It’s official: Daft Punk, it’s over! After 28 years of fruitful collaboration, Thomas Bangalter and Guy-Manuel de Homem-Christo have indeed separated. Considered as the group that widely popularized the electro genre, the artist duo has also made a name for itself on several occasions in the world of the seventh art.
“We’re up all night to get lucky”
Unfortunately, the best things come to an end. And it’s on an eight minute video called Epilogue that the group announced their separation. A video which, moreover, reminds us that the masked duo has a very special link with the world of cinema.
Collaborations with seasoned filmmakers
In addition to offering his audience atypical pieces, Daft Punk has known how to stand out for the depth of their clips thanks to to a staging and a production worthy of the best feature films. To achieve this, the group worked with great directors.
For example, the shifted clip Around The World was produced in 1997 by Michel Gondry (Eternal Sunshine of the Spotless Mind). Likewise, From Funk, which sees a character with a dog’s head roaming the night streets of New York City, was directed by Spike Jonze (Her). Finally, Revolution 909 is directed by Roman Coppola (In the head of Charles Swan III).
Feature film and animated film by Daft Punk
From the 2000s, Daft Punk was more ambitious and tried the bet of producing his own films. Thus, in 2003, appears Interstella 5555, which has the distinction of being an animated film similar to those found in japanimation. For this, Bangalter and Homem-Christo have enlisted the services of several directors, including Leiji Matsumoto. The latter is well known by fans of manga and anime sincehe is the daddy ofAlbator and of Galaxy Express 999. This is also why the graphics of the characters in the film are very similar to those found in these two works. For history, Interstella 5555 follows kidnapped alien musicians who become stars on Earth. Hailed by critics, Daft Punk’s first film is an excellent visual accompaniment to their second album called Discovery, in which we find notably the cult One More Time.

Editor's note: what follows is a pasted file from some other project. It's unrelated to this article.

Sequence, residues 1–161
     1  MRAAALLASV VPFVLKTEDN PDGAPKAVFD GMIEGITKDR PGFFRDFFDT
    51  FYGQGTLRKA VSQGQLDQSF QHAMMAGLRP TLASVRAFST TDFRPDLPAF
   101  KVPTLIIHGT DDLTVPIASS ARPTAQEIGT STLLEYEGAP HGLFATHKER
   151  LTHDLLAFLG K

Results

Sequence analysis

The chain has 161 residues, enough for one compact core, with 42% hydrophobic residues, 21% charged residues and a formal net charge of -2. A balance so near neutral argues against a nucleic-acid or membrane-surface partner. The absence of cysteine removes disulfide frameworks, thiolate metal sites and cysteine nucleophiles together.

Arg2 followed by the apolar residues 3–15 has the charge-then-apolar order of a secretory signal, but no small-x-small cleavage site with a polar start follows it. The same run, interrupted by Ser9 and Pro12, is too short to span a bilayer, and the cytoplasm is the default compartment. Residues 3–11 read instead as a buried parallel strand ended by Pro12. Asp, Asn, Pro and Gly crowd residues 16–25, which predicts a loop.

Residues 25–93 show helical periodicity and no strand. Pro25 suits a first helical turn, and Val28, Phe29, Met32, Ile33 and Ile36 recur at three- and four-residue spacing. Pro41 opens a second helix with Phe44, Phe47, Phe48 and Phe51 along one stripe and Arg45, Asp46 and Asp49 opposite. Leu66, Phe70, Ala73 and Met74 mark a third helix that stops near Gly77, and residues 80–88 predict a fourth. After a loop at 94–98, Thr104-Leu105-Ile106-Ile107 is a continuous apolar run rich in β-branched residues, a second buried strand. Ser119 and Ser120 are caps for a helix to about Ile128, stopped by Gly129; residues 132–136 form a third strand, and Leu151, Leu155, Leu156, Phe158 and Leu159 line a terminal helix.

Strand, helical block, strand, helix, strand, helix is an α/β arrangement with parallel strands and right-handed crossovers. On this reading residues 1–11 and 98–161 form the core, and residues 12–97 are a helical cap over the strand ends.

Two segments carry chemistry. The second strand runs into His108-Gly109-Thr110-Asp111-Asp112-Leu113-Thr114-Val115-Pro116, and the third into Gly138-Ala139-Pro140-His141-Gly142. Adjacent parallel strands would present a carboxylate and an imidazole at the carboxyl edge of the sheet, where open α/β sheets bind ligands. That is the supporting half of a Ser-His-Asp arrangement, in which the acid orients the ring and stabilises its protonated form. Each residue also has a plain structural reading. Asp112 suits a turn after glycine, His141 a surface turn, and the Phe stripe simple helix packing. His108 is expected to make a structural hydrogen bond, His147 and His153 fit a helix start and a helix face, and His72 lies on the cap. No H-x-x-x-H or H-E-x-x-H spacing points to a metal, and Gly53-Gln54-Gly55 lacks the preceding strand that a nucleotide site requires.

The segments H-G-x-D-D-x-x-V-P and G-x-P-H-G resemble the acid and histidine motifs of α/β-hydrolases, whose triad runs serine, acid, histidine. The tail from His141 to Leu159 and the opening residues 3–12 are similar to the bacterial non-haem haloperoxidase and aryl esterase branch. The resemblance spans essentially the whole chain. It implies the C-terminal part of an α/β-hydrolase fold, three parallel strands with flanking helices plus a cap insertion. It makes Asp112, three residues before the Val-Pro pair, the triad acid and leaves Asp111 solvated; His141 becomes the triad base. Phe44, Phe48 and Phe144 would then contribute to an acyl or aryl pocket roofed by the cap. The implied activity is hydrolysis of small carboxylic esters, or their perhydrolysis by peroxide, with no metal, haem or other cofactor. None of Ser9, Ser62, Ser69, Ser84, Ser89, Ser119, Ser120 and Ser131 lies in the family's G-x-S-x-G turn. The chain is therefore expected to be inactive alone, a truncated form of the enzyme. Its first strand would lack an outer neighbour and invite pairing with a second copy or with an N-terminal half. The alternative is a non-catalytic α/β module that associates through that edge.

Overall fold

In 2007, they staged Electrome which is presented at the Cannes Film Festival as part of the Directors’ Fortnight. Possessing some similarities to the experimental film Gerry (directed by Gus Van Sant), the feature film follows two robots (played by the duo) who cross a desert world at the wheel of a black Ferrari 412. A film still little known to the general public, but which will undoubtedly be (re) discovered in the years to come since their farewell video is just an excerpt from the film. The circle is complete.
Participation in the sequel to Tron
Before Tron: Legacy, it should be remembered that one of the two artists had already worked on feature films. Indeed, Thomas Bangalter has collaborated twice with Gaspar Noé to sign the original tapes ofIrreversiblee et Enter The Void. He also composed the song Sangria for Climax. By the way, he appeared briefly appeared in the film Reality, directed by Quentin Dupieux (director but also important artist of the electro scene).
However, Daft Punk’s most famous investment in a feature film is undoubtedly Tron: Legacy. Following the cult film released in 1982, this second part therefore sees the arrival of the group to take care of the musical composition. In addition, the two men make an appearance in one of the scenes of the film, always wearing their helmets. With Tron: Legacy, Daft Punk delivers an album made up of twenty-four unreleased tracks. Without possible dispute, one of the biggest successes of this sequel remains his music. And we have to thank Daft Punk for that.
Appearance in a biopic to the glory of the French Touch
In 2014, Eden, a film written and directed by Mia Hansen-Løve, was released. The latter is inspired by the life of her brother Sven, who was a DJ in the 90s and 2000s, at the beginning of the French Touch movement. Who says French Touch obviously says Daft Punk who was one of the greatest figures of this movement. Thus, it is Vincent Lacoste and Arnaud Azoulay who respectively interpret Thomas Bangalter and Guy-Manuel de Homem-Christo.